If you live in a place where it’s freezing cold in the morning and very hot in the afternoon, asphalt shingles might not be the best idea. They can crack under these weather conditions.

Best Roofing Material for Mild Weather: Wood

Sometimes the best roofing for your house might be the simplest one. Wooden shingles have been around ever since the 18th century, and they can give a home a classic rustic look. If you live in a place with many wooded areas, it will fit in very well with your neighborhood’s aesthetic and can be sourced from companies such as BRC Roofing

A home with a wooden roof is sure to catch the eye of buyers, and may help a home sell faster due to it’s unique appeal. Wood shingles work the best in the areas of the country where it does not get too hot.

Why Wood Shingles Are Better for Cooler Temperatures

Cedarwood shingles are durable, affordable, and very well insulated from cold weather, even repelling moisture when appropriately treated. Unfortunately, they cannot reduce the effects of sun on the home, and direct sunlight can cause wood shingles to lose color and deteriorate.

Wood shingles last as long as, if not longer than, asphalt shingles. But they’re cheaper and often look better. There are quite a few different kinds of wood shingles, so most homes can find something to complement their existing look. Wood shingles are usually made from recycled and reused materials. After the lifespan of the roof has elapsed, the roofing material can be recycled again.


The drawbacks to choosing a wood-shingled roof are:

  • More prone to parasites and bugs
  • Susceptible to mold
  • Direct sunlight can damage the wood

Wood shingles are organic, and non-treated material can suffer from many of the same issues as trees (including being infested with bugs).

If your roof is under trees, a wooden roof will not get sunlight and may become the perfect breeding ground for mold. If your home is in a sunny climate and not in a shaded area, you will need to watch for damage caused by direct sunlight.

Best Roofing Material for Dry Weather: Concrete Roof Tiles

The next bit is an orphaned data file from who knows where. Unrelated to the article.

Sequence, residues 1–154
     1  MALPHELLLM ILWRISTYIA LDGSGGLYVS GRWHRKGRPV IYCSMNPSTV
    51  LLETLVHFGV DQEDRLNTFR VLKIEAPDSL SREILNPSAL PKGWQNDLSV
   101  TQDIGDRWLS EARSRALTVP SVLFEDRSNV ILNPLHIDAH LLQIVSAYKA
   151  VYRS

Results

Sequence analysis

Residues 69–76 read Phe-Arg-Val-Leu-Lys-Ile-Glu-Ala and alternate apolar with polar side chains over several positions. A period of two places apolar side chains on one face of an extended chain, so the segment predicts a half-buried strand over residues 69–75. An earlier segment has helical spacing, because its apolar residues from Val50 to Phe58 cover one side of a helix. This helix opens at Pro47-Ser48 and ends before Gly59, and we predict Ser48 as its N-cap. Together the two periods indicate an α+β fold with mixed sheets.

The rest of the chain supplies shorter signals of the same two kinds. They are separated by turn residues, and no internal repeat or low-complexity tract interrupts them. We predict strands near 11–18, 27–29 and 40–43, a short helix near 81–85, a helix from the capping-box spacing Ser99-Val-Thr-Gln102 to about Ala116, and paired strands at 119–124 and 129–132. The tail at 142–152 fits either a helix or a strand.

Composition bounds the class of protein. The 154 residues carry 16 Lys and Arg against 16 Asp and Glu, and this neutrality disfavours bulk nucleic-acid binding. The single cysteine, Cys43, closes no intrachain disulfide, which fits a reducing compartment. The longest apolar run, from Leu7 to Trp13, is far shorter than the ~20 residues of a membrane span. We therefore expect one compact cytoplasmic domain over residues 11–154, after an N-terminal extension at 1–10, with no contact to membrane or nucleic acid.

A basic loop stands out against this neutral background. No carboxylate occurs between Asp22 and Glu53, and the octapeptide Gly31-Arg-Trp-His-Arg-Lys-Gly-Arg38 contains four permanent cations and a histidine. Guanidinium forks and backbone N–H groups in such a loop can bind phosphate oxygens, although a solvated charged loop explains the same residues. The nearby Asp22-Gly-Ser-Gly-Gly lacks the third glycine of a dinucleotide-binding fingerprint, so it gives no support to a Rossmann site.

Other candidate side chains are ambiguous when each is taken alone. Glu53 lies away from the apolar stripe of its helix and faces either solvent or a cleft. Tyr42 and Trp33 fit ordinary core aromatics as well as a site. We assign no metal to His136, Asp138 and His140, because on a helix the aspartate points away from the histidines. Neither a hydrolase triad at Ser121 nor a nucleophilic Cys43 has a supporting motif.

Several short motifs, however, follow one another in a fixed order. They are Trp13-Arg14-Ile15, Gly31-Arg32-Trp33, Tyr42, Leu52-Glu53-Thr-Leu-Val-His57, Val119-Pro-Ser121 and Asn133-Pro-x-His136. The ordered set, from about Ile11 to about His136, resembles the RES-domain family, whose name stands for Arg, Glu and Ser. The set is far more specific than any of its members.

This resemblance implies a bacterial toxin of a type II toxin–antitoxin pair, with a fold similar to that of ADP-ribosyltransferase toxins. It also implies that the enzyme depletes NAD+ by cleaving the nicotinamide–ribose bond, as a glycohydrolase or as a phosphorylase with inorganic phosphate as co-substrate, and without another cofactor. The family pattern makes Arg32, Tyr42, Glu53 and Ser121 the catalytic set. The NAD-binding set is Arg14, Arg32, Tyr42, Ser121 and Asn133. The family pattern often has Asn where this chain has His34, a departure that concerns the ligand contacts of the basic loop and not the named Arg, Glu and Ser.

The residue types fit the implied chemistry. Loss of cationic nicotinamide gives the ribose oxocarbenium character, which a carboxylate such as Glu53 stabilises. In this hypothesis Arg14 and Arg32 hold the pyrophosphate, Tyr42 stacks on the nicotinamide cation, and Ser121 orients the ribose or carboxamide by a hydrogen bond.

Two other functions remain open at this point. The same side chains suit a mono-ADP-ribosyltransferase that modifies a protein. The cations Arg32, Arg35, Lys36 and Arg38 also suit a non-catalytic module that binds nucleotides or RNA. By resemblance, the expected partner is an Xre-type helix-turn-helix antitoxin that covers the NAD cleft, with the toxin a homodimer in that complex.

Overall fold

Concrete roof tiles are a less expensive and less heavy alternative to slate tiles (with a similar aesthetic) that can also stay strong in high winds and resist hail. Concrete can cost less than half the price per square foot of slate. For this price, it will function well in both hot and cold weather – but it should especially be used in a dry climate.

Why Concrete Roofs Are Better for Dry Climates

While other materials like wood can suffer in dry climates, concrete requires a relatively dry atmosphere to maintain its strength. Concrete absorbs water, which makes it a great choice for climates with low rainfall.

Wildfires can occur and spread quickly in a dry climate, but concrete tiles are fire-resistant. Concrete roof tiles are low maintenance. With time, recoloring may be necessary for aesthetic purposes. But you don’t have to clean concrete roofs nearly as often as you have to clean roofs made with other kinds of material (which makes it ideal for areas prone to drought).

Concrete tiles are made out of 100% recyclable material, so you can feel good about your home’s impact on the earth. Depending on the community you live in, you may even be able to get a tax rebate for having an ecologically sound home.


The drawbacks of concrete tile roofing are:

  • Lifespan
  • Water absorption
  • Weight

Concrete tiles last only about half as long as their slate counterparts. If the roof begins to absorb moisture, the water can cut the lifespan even shorter. Concrete is also heavy, and water retention can make the shingles even heavier.

This is significant, because a slate roof can last over a hundred years and many homeowners prioritize lifetime roofs that don’t need to be replaced during the time they live in the house. This can have a considerable impact on the resale value of your home.

If you live in an area that is dry for part of the year has heavy rain during other times, a concrete roof can become so saturated that mold will eventually develop. This absorbency means that concrete can develop stains if it retains water (leading to an undesirable aesthetic).


The roof is arguably the most important part of your whole house. It protects you, your family, and your possessions from the elements. If you choose your roofing material wisely, you will feel safe, happy, and secure for a long time regardless of the climate.

If you’re ready to make the upgrade, contact our experts at Baltic Roofing. We’re here to help!

Author Information

Louis Hanley (Community Manager for Baltic Roofing)

Louis is a community manager for Baltic Roofing where they help the greater Chicago community with everything from high-quality roof replacements to skylight repairs. He is an expert on all things roofing and home improvement. Outside of work, he’s a huge Cubs fan and enjoys spending time with his dog, Roscoe.